Declawing a Wildcat
It might only appear for a single play, or perhaps two. Blink and you may miss it. But the Wildcat will most likely appear Sunday at FedEx Field.
The Browns began running their variation of a single-wing offense last season, with receiver Joshua Cribbs under center and QB Derek Anderson split out as a wide receiver. Cribbs, an elusive runner and superb return specialist, is also a former college QB, so he presents the threat of keeping the ball, pitching it to a running back, or throwing an option pass out of the formation. (Miami used its version of this formation with RB Ronnie Brown, under center, handing off to RB Ricky Williams, who flipped the ball to QB Chad Pennington, who had lined up at receiver, with Pennington then throwing a TD pass to Patrick Cobb. Amy Shipley will have more on how Miami uses the offense in tomorrow's paper; up here late tonight)
Cleveland does not use the formation nearly to the extent that the Dolphins do - it's become a primary weapon for the Fins - but it is a wrinkle you have to respect, nonetheless, and certainly a look far outside the norm. Even if it's just one play inside the red zone, if the gadget play results in a touchdown, it can be the difference in the game.
Defensive coordinator Greg Blache said he did not devote an abundance of practice time to the Wildcat this week, running three or four plays with the scout team in practice to give the Skins a feel for what they would see. Blache also uses time early in training camp to work against a few of these strange formations - an empty backfield, etc. - and the Redskins also worked to this end a few years ago, when rookie QB Vince Young and Tennessee were doing these kinds of things.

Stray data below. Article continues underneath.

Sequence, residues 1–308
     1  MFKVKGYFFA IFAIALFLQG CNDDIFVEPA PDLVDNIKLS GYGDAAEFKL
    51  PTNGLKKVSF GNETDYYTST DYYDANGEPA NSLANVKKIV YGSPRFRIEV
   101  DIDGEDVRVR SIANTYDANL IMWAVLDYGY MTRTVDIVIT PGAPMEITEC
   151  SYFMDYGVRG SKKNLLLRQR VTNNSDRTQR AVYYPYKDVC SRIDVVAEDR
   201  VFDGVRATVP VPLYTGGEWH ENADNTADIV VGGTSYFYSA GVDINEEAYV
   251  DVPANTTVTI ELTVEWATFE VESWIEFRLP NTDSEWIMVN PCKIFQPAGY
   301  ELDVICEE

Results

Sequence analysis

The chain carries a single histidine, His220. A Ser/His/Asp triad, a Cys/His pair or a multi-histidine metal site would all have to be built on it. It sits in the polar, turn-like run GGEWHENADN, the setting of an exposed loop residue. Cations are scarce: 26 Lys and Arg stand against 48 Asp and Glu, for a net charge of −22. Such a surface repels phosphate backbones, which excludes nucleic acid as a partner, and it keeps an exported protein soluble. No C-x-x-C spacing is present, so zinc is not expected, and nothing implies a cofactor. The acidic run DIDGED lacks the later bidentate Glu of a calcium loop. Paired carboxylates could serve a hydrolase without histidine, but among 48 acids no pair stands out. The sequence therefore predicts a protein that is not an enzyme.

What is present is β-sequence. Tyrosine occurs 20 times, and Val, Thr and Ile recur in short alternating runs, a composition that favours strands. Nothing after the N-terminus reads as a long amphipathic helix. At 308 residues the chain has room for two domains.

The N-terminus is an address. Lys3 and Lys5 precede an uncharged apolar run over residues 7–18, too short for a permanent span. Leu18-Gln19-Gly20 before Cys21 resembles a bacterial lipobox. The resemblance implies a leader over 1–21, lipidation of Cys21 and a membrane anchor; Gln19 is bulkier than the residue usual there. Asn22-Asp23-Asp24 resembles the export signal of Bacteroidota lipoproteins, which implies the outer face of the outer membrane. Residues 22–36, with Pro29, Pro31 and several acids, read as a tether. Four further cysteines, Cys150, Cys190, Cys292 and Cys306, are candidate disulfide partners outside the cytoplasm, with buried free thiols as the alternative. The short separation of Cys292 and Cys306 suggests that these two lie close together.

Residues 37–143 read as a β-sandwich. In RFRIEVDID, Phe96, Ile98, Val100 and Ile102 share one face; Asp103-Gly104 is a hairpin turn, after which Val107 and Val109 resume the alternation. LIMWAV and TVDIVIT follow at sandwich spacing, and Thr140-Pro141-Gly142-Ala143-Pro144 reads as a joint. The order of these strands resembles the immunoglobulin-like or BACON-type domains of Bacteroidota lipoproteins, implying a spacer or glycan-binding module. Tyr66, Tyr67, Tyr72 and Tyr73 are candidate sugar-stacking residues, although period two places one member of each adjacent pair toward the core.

"We work on a bunch of crazy things from the beginning of training camp," Blache said. "No backs, crazy formations and alignments. We call that the 'zip series' and we have rules that we have against the zip series. So if somebody throws it at us, it's not like it's something our guys haven't seen or worked on at all. But we don't spend a lot of time on it."
Defenders must remain disciplined in their gap and guard against overpursuit. The Skins used practice squad corner Byron Westbrook - brother of Pro Bowl RB Brian Westbrook - as the stand-in for Cribbs in this formation with the scout team. He played at Division III Salisbury, which ran an option, so he was comfortable in the role.
"I know how to read the D end," Westbrook said, in explaining how the "QB" in this offense operates. "And if he comes down hard I take it, and if he comes at me I pitch it. You've got to read the D end."
London Fletcher said that the Redskins have to be prepared for Cribbs to throw out of the formation - even though he has yet to do it this season. "They might give us a new wrinkle out of that formation," he said. "Obviously, the main thing they try to do is run the football out of it. It's his option to hand it off to the running back, or keep it himself. That's his read."
While everyone is generally focused on the ball, should the Browns get in this formation Sunday, try to keep an eye on Anderson. He's a big QB - 6-foot-6, 220 pounds - but still, any time a passer is on the line of scrimmage, unprotected, you've got to try to pound him a bit within the rules.
"That's the one time he's actually not protected by certain rules," Fletcher said, "So ..."
Corner Shawn Springs figures he won't get the shot on Anderson, since he usually is on the slot guy, and not out wide in these situations. Still, there will be a temptation to lay the lumber.
"I'm quite sure everybody who sees that has tried to take a shot on him," Springs said, "but he's probably a lot bigger than most corners think. It ain't like he ain't expecting somebody to try to do that to him."
Note that declawing a Wildcat is kind of like skinning a coyote.
Jason La Canfora
October 17, 2008; 7:53 AM ET
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